Knowlege Management

Practice settings

Knowledge Management (KM) is the systematic management of an organization’s knowledge ‎resources – those found in people and those found in documents, databases, and other repositories ‎of valuable content. KM specialists work in a wide variety of settings including consulting, ‎pharmaceutical, financial institutions in the private sector, government agencies and departments ‎and in the non-profit sector (arts, volunteer organizations). Higher education institutions have ‎also started to employ KM managers specializing in the areas of knowledge taxonomies and ‎communities of practice. ‎

Primary responsibilities

Knowledge managers are involved in both human resource and information technology required to help share and preserve knowledge. An example is succession planning to ensure knowledge is transferred to new employees and to ensure its input into the organizational memory system. Responsibilities involve the design and management of KM systems, and the knowledge asset ‎management to support organizational goals and to gain and maintain competitive and ‎innovative advantage. This includes the design of corporate information and KM policies on ‎access and quality control, maintenance of proprietary information and mapping intellectual ‎assets. KM also involves training, coaching, mentoring, communities of practice start-up and ‎lifecycle support, and incorporating feedback into training content such as best practices and ‎lessons learned. KM specialists may help users to gather, evaluate, analyze, synthesize and ‎summarize as well as to advise and guide on knowledge sources (explicit content and experts). ‎They may also manage the competitive intelligence cycle and related assignments.‎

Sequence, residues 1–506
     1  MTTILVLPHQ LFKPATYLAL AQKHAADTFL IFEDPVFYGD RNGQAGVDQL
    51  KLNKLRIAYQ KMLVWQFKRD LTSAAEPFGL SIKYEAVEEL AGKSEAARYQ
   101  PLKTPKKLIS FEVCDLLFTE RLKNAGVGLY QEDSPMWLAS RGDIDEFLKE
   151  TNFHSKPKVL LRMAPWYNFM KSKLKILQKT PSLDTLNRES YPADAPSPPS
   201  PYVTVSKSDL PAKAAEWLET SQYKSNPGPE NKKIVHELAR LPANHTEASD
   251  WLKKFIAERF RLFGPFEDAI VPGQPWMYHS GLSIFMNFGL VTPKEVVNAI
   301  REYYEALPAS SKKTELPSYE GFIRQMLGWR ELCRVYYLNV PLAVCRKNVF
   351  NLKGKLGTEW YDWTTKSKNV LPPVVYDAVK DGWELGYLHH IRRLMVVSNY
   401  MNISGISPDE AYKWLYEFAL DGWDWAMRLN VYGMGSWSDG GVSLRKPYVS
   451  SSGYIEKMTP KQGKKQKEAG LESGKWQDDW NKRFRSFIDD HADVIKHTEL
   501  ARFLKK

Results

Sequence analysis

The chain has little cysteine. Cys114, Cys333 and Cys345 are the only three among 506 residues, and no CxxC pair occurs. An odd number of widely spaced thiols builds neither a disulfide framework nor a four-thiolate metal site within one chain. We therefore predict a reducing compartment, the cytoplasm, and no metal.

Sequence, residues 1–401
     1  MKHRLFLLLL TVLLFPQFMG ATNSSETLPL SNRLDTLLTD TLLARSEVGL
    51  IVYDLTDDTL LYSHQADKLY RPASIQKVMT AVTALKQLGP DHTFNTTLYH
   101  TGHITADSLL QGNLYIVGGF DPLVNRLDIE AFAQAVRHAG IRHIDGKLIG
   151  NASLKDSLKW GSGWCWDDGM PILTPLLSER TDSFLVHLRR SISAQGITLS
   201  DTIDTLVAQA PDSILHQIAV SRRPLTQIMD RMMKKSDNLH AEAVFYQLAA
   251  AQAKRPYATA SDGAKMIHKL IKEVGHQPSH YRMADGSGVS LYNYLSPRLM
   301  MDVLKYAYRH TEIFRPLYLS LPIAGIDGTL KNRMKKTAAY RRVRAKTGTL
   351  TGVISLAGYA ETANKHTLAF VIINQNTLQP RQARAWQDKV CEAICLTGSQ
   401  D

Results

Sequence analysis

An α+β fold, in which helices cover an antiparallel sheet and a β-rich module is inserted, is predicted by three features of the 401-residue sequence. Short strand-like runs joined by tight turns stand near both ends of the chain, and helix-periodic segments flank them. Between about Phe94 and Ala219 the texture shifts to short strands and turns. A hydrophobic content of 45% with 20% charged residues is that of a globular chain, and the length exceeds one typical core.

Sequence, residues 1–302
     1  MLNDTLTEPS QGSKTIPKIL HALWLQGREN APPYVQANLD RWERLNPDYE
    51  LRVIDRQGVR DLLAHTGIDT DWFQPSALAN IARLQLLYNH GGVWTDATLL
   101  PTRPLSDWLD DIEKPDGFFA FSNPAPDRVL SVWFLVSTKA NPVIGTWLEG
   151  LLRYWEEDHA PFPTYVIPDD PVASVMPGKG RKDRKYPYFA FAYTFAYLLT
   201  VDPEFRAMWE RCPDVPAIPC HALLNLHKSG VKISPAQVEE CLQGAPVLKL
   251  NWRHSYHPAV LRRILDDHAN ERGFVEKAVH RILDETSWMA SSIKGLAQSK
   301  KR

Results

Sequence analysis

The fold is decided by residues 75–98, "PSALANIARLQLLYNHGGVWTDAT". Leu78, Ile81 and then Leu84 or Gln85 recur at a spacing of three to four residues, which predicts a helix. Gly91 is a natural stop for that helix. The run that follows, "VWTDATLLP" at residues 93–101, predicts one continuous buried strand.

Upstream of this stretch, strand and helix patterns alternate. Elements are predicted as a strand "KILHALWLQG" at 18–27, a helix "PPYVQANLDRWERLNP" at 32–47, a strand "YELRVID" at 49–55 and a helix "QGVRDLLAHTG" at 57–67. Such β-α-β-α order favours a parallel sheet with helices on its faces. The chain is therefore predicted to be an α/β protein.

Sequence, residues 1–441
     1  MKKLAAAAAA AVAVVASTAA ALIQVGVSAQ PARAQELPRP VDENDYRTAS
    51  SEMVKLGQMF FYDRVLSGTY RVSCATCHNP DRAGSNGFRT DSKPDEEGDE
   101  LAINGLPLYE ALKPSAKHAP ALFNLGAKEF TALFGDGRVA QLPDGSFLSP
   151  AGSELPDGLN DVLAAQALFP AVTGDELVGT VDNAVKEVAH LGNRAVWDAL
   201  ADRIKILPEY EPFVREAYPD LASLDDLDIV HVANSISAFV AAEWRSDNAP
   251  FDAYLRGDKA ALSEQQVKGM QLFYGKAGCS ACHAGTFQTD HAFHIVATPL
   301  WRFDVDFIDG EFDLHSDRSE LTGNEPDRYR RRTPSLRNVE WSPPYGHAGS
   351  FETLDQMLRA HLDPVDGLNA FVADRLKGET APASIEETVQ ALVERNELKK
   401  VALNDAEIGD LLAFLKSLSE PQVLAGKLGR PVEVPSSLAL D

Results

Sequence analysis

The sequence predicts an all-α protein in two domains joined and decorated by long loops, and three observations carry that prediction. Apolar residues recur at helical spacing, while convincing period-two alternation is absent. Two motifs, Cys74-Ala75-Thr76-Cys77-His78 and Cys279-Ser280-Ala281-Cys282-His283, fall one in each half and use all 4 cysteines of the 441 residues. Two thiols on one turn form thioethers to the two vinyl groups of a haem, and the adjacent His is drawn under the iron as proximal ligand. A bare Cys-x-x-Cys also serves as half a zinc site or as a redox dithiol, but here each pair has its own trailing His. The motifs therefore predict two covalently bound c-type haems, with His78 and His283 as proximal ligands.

Examples of job titles

Knowledge managers, knowledge journalists, knowledge taxonomists, ontologists, content ‎editor/managers, portal managers, community of practice (CoP) librarians, knowledge support ‎officer (KSO) team members, and competitive intelligence specialists.‎

Potential employers

Publishers, database creators and providers, press/mass media, information collectors such as ‎Reuters, database vendors such as DIALOG, networks, service providers, consulting firms; IT ‎companies; information organizations, access and preservation units e.g., corporate libraries, ‎research libraries, other special libraries such as hospital libraries; research and information-‎gathering units, competitive intelligence units; governmental agencies; intelligence community; ‎law firms, medical and pharmaceutical companies, large scientific agencies.

Librarianship